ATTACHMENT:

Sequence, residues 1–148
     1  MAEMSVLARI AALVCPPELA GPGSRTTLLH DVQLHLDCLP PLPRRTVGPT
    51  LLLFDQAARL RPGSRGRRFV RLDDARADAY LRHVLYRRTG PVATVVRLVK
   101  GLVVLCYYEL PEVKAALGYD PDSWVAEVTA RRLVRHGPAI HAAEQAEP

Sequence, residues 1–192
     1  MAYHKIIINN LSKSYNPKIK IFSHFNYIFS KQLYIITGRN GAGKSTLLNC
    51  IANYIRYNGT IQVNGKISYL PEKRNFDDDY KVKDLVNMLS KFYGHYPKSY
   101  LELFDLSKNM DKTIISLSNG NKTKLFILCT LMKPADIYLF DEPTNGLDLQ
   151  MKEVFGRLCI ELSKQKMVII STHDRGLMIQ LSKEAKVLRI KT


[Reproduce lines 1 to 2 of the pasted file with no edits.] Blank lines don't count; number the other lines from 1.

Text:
Sequence, residues 1–148
     1  MAEMSVLARI AALVCPPELA GPGSRTTLLH DVQLHLDCLP PLPRRTVGPT